There is a long-tail to labor markets that startups are finally exploiting. Maybe I want to do a mix of cooking, Egyptian hieroglyphic travel blogging, and some regression analysis of health data. In the past, that would mean getting a job in marketing and living a corporate life until such time that one could quit and pursue their interests. Today, it is entirely possible to stitch together a set of opportunities to bring all of those passions together.

Let's just hope that the guy who is paying for the health data analysis doesn't want his report finalised the very same week in which you'd promised to supply one of your patrons with pre-publishing access to a meaty piece you're just getting to grips with about the hieroglyphs at Amenemhet I's pyramid at Lisht.

We can but hope that our multi-talented individual doesn't have a passion for, say, eating regularly, or being able to plan more than a few weeks ahead. Startups and those who make money from the sharing economy ideally want people with no family complications to mess up their schedules, and who will be at the beck and call of the business on what amounts to a zero-hour contract. Also, it'd be nice if as many regulations as possible governing established industries could be swept away/regarded as not applying to those doing exactly the same type of work but as part of the sharing economy. And this is an environment in which trades unions are obsolete?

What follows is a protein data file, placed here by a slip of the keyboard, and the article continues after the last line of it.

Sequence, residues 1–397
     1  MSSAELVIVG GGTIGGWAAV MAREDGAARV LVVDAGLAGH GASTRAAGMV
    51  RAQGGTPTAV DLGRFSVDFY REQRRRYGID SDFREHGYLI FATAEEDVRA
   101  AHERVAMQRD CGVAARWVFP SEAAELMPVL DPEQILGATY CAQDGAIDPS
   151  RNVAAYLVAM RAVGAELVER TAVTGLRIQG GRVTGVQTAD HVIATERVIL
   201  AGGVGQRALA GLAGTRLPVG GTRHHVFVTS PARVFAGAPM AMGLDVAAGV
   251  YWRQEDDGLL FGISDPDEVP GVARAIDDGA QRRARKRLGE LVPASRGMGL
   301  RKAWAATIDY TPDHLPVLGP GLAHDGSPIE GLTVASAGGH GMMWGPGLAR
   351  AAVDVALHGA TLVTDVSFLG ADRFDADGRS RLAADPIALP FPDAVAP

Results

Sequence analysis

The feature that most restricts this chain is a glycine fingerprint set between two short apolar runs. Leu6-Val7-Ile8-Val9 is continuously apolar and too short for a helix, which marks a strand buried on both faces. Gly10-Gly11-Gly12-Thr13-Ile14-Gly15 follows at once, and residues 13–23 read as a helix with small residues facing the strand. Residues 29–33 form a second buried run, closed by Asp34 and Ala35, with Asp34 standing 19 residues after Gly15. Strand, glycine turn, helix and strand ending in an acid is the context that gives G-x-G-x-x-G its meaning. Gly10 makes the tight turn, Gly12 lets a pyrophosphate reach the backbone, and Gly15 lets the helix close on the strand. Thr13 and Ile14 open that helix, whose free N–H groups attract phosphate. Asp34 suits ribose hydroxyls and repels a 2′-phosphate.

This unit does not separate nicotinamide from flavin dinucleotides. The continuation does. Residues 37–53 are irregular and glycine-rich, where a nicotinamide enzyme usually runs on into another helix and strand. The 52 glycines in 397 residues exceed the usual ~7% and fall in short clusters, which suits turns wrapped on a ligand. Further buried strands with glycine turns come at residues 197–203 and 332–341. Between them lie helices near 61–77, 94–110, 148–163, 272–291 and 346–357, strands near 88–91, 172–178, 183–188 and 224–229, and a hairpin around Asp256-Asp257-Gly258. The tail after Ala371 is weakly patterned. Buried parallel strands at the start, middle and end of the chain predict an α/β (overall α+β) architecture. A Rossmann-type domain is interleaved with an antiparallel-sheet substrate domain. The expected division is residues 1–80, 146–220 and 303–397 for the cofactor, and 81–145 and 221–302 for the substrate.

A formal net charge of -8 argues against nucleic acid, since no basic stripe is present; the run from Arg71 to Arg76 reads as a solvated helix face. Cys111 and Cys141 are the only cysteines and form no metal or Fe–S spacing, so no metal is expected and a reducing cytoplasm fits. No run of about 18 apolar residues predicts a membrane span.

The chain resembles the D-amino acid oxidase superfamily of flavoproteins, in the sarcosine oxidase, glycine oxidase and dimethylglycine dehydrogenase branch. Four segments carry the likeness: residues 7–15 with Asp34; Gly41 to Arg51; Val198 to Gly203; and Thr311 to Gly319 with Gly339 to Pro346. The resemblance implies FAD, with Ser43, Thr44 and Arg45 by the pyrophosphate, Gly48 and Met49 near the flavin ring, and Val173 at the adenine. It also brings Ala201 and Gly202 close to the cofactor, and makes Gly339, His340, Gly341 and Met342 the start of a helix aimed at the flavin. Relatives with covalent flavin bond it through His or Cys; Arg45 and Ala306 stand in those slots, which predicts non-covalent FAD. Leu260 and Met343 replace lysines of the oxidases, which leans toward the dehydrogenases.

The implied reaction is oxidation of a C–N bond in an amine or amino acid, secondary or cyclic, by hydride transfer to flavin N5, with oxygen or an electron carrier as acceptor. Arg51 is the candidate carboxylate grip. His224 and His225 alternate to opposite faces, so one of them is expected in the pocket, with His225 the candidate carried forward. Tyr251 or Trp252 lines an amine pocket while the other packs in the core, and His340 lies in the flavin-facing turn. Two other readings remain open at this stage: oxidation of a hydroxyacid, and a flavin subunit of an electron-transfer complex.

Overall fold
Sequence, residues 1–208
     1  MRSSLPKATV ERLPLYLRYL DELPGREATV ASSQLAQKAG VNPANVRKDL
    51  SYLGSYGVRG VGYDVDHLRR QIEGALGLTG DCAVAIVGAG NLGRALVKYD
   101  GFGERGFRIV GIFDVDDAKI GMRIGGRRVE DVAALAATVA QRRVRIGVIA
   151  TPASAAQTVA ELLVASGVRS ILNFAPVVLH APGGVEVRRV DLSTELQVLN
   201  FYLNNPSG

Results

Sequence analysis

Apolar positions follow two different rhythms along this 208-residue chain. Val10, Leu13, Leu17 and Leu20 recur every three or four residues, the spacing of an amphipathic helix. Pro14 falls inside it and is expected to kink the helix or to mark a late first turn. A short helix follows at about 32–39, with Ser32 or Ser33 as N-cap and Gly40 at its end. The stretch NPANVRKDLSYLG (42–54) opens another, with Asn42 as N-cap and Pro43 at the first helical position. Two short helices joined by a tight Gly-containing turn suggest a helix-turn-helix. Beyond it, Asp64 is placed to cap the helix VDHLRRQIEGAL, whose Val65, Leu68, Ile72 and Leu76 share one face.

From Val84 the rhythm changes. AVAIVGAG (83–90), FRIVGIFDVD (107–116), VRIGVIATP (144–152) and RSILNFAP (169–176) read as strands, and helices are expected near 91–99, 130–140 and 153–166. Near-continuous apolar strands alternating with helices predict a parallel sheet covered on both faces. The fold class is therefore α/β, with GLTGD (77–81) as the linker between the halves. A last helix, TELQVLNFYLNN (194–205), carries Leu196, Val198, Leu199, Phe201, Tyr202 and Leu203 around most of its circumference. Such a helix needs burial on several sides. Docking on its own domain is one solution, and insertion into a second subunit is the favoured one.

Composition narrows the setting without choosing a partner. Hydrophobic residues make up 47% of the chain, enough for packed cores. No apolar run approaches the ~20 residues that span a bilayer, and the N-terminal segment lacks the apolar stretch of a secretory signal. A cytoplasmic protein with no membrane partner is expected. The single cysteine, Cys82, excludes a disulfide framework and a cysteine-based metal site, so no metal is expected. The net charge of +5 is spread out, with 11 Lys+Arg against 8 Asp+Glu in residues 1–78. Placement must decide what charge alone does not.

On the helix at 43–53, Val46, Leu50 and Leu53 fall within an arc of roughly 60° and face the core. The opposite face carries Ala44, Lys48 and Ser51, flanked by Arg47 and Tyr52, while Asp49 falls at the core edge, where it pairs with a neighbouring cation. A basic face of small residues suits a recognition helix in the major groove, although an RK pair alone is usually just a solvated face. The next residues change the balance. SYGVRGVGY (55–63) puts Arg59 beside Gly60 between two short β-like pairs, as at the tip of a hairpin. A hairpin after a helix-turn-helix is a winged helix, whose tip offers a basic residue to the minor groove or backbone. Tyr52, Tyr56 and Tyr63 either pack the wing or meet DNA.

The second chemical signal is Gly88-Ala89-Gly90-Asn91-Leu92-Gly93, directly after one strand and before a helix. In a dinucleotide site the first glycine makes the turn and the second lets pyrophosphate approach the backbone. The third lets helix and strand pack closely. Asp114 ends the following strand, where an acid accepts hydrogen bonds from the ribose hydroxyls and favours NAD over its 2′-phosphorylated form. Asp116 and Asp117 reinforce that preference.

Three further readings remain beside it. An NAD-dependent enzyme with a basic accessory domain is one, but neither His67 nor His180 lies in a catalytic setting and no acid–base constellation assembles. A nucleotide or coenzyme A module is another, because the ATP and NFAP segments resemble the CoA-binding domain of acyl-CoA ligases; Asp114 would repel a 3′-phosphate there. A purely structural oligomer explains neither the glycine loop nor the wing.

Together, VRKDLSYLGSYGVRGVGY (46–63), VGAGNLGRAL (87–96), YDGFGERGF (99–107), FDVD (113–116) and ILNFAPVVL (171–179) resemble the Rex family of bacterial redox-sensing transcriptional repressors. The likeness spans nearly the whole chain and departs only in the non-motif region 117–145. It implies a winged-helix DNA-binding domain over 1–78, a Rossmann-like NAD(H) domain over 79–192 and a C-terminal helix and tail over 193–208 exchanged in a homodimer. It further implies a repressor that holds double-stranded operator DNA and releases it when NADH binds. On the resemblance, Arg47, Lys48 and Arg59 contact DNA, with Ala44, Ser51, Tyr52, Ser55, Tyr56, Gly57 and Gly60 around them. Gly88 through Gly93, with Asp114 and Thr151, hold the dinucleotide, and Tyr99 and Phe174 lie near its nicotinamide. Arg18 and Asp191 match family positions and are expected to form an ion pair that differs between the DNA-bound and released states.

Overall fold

Shoulda been published in The Onion.

[Via @Pinboard]

  1. Also, I know that attitudes to paid time off are a bit different in the USA, but might these sort of professionals not also be salaried employees and thus allowed some paid leave? Or is that another of those socialistic notions that has dragged down the living standards of citizens of western Europe's various social democratic nations?

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This Makes Me Uncomfortable

July 16th, 2014

This Makes Me Uncomfortable.